The key thing to understand about deep use of cloud technologies is that everything will move faster, and many formerly cryptic highly-technical things will be made easier. The analysts by themselves now will be able to simply and quickly spin up servers. They will be able to provision and customize software all by themselves. They will even be able to maintain it themselves on an ongoing basis.

However, what doesn't change...what nothing in the cloud will make any easier, will be the requirements of assessing business process, of communicating vision and ideas to business leaders, and of bringing their best ideas into the final result.

The business analyst of the future will need to be a business analyst first and foremost, but they will also need to be a visionary, a communicator and to some extent a leader. They will hold the power in their hands to do everything necessary for any given project. This isn't just fanciful's here and now. As I look out across the office, I see analysts doing all of this even as we speak!

Author: Treff LaPlante has been involved with technology for nearly 20 years. At WorkXpress, he passionately drives the vision of making customized enterprise software easy, fast, and affordable. Treff received his MBA from Pepperdine University and a BS in chemical engineering from The Pennsylvania State University.

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savy davis posted on Friday, September 4, 2009 4:44 AM
A wonderful insight on the importance of business analyst role in cloud computing.
zarfman posted on Wednesday, September 9, 2009 7:28 PM

Most of my working life has been spent in the areas of finance and accounting (CFO, VP, etc). Accordingly, my view of the corporate business environment may differ from yours.

If I understand the concept of the cloud aka the internet correctly, I have something called a browser. I type in www dot some name dot three letters and I’m connected to one of more computers. I’m familiar with big rooms full of big boxes and racks of stuff with blinking lights. I’m also familiar with the same kind of room but we didn’t have a browser. My comments and statements of confusion follow.

You wrote “Second, development is trivialized, and the burden of a successful project shifts almost entirely to the business analyst”: Sounds good to me, now we have someone set up to take the blame if the project fails.

You wrote “When we deliver professional services, particularly on smaller or faster projects, the business analyst IS the developer”: To me smaller and faster are relative terms, as compared to what. If I understand correctly, every thing that appears on my or other user’s screens will be provided by the business analyst. Depending on the size of the corporation, there can be terabytes of accounting data. In these cases is there any middle ware and is there a DBA involved or does the Business Analyst take care of that also?

Finance has some really mind bending mathematics. This leads to the question, are there different kinds of business analysts. I find it hard to believe a single business analyst is capable of competently analyzing any and all facets of a complex business. As CFO, I have come in contact with many analysts who claimed analytical prowess in accounting. I would say eight out of ten have failed.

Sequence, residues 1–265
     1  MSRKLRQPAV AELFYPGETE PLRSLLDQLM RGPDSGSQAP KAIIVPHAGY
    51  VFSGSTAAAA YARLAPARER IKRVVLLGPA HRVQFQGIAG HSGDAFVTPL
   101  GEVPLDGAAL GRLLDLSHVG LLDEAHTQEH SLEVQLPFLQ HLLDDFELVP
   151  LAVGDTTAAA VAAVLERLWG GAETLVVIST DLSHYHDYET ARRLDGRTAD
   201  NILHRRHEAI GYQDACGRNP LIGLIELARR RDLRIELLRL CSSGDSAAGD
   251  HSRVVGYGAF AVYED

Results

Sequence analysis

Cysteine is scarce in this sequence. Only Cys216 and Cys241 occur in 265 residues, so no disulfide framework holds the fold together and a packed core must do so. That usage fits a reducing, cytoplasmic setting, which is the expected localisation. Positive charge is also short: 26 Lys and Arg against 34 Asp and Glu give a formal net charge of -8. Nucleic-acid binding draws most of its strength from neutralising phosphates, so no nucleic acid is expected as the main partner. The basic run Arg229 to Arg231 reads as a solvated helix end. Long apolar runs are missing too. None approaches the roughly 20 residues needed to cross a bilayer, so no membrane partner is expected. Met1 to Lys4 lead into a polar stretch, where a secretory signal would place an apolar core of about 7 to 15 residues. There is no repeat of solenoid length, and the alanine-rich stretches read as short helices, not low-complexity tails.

You wrote “A 5th generation development language (5GL) that imparts developmental capability to the analyst”: Ah the holey grail of something or other, aka let’s have the user do his/her applications. In my field of endeavor the only thing that I can recall that has even come close is the spreadsheet.

Barring a time tested 5GL language I have a hard time understanding the benefits. In fact I’m not sure I want my companies’ data zipping around the internet. It seems hacking abounds and hosts come and go. By go I mean fail financially.


Confused and irritable old CFO
Treff LaPlante posted on Monday, September 21, 2009 5:18 PM
Hi Zarfman, I hope this comment reaches you.

Most of your understanding is astute and accurate, clearly bred of years of dealing with software and its problems. I think most of your examples represent the very high end requirements of larger organizations, and I believe you correctly surmise that cloud computing may not yet be mature enough to take these challenges on. Most enterprise IT architecture can be divided into two camps; "core" and "non-core". Most core architecture in the larger companies has already been rationalized by standardizing on something like Oracle, SAP or other applications. However, the next big wave of efficiency gain is to similarly standardize the very diverse non-core architecture...all of those disparate applications, access databases, web pages, spreadsheets, etc. etc. that fill in the thousands of holes that are left by the big core systems. Large organizations I've been told by many sources have as many as one to two thousand of these disparate "systems", each of which need to be managed, audited, etc. This non-core infrastructure is the right next step for cloud computing in my opinion.